'A nagging thought just won't leave my head.' The conversation that ended my marriage.

In many ways, I followed the stable, expected path. Had relationships through high school and university. Got a real job, then a real boyfriend, moved in together and got engaged. We were madly in love, and after a couple of years punctuated with many adventures together, marriage seemed the logical next milestone. We stood in front of our friends and family, and meant it when we promised each other forever. He in a sharp tux, me in a gorgeous dress. Much smiling and dancing, obviously it was meant to be. Right?

Fast forward over a decade to the beginning of last year. We have done all the usual, suburban things; bought a house, gone on holidays, navigated our two kids through daycare and into primary school. Then, suddenly a couple close to us announce their divorce.

Following our friends’ split, we have some interesting discussions. We ponder the recklessness of young, idealistic us making huge life decisions based on romance. We agree that if we met today we definitely wouldn’t get married, and probably wouldn’t even date. My husband breezily dismisses any thought of separating, because of the kids you see. However, this lingers in the back of my mind.

A few months on, an upcoming anniversary prompts more thought and analysis on my part. I reflect that my spare time is spent socialising with friends, and not ever with my husband. And it doesn’t bother me. I am aware that it should. Could there be a problem? He suggests a celebration for our anniversary, and I am filled with dread. It feels empty and forced. This can’t be right.

I become acutely observant of relationships around me, and ask some happily loved-up friends and family for their thoughts on the meaning of life and the secret to happiness. The resounding message was to be grateful you’d found the person you can’t live without. This sharpens my growing sense of dread.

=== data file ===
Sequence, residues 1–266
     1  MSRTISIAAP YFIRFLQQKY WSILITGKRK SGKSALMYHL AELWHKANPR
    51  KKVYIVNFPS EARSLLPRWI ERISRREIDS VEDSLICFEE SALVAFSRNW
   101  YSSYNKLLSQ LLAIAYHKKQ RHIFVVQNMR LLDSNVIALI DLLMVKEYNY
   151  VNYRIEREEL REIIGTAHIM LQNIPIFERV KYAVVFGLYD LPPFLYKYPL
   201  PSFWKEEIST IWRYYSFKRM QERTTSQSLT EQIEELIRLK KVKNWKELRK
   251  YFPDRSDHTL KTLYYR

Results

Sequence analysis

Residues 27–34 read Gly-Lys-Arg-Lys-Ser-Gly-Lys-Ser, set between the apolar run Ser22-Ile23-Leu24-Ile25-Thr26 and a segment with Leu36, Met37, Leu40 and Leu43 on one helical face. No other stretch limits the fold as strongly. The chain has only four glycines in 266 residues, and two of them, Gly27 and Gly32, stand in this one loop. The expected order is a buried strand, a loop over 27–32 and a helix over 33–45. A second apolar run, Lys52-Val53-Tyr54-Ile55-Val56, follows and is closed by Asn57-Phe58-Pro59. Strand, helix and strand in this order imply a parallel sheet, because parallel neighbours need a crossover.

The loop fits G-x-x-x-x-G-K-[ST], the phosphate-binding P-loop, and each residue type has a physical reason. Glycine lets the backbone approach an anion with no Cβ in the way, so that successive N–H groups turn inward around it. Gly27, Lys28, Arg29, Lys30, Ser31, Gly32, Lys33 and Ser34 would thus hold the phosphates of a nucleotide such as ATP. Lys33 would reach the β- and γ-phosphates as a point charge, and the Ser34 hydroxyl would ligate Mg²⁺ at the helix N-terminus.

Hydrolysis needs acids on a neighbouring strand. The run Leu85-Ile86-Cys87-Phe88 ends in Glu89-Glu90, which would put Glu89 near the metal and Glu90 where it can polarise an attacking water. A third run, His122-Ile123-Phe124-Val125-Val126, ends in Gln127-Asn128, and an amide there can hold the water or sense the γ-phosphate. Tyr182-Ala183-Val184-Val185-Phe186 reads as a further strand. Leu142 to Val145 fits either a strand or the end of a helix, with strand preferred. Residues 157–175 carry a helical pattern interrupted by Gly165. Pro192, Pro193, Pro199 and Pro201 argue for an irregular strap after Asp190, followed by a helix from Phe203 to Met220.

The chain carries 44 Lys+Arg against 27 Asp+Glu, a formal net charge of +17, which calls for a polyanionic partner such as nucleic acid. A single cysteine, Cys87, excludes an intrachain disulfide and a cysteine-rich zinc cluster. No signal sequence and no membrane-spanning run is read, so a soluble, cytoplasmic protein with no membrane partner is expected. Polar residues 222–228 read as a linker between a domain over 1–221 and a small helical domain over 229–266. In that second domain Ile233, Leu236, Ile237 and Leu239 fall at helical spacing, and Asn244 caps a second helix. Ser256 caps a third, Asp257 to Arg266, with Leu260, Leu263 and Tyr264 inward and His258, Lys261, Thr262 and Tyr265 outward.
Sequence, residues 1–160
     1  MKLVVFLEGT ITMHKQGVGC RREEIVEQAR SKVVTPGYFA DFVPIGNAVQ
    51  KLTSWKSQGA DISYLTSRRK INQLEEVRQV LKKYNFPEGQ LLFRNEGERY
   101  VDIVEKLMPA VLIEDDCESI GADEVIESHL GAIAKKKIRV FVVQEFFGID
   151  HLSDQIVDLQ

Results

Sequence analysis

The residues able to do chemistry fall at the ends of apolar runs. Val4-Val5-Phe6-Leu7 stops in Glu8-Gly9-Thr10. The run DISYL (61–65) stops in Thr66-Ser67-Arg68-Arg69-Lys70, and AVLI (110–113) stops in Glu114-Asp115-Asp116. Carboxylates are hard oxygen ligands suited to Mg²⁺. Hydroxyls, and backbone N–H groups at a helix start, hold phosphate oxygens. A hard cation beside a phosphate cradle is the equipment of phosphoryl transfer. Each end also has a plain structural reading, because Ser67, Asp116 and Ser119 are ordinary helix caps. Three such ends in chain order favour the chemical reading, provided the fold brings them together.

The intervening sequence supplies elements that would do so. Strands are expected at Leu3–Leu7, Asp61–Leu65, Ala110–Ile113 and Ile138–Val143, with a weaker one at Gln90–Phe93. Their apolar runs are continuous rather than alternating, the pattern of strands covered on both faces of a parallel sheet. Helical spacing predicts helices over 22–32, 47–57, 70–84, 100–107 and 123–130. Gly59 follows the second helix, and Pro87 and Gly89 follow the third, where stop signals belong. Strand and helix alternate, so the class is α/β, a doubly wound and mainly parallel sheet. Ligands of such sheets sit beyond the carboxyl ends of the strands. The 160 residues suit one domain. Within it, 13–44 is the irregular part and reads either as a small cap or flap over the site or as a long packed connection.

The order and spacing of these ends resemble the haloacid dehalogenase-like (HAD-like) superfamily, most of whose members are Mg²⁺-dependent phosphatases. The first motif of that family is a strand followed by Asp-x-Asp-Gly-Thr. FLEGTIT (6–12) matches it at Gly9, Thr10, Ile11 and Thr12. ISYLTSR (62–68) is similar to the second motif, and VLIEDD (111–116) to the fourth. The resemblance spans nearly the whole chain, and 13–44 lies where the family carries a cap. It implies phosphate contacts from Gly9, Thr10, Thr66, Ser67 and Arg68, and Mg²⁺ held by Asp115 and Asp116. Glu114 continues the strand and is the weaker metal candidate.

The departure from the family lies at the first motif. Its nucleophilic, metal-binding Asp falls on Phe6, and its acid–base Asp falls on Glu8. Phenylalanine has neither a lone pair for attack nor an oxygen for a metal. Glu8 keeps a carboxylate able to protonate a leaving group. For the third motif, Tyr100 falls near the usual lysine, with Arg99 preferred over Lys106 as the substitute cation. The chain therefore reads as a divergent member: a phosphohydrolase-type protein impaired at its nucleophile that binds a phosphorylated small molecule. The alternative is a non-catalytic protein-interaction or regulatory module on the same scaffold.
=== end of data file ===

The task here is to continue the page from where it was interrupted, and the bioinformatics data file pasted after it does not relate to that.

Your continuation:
A nagging thought kept raising its head. What if I have 50-plus years left to live? Can I do this for 50 more years? Am I really OK with a relationship that is just… fine?

I do some serious deliberating – would I be OK on my own? Could I even afford to be on my own? Was I really brave enough to pull the trigger? What would it mean for the kids? What about all our friends? What about the ongoing financial implications? What if I ended up alone forever? What if I regretted it? I tried to consider the harsh reality of the situation. I decided that it would be an unpleasant process, but what crystallised things for me was the harsh realisation I would rather be single forever than remain in my marriage.


It’s Sunday morning, after a sleepless night. Having decided to leave my husband, it’s time to face the problem head on. Once done, this cannot be undone. I feel anxious.

The husband, kids and I are all at home. After breakfast, I boil the kettle and carefully make my last cup of Earl Grey as a married woman. My husband sips his coffee and reads the paper on the lounge, oblivious. I approach him slowly, cradling my tea. I clear my throat and say ‘Hey…’.

disconnect in relationship
Image via Getty.

Obviously my tone conveys enough gravity that he looks up immediately, I have his full attention.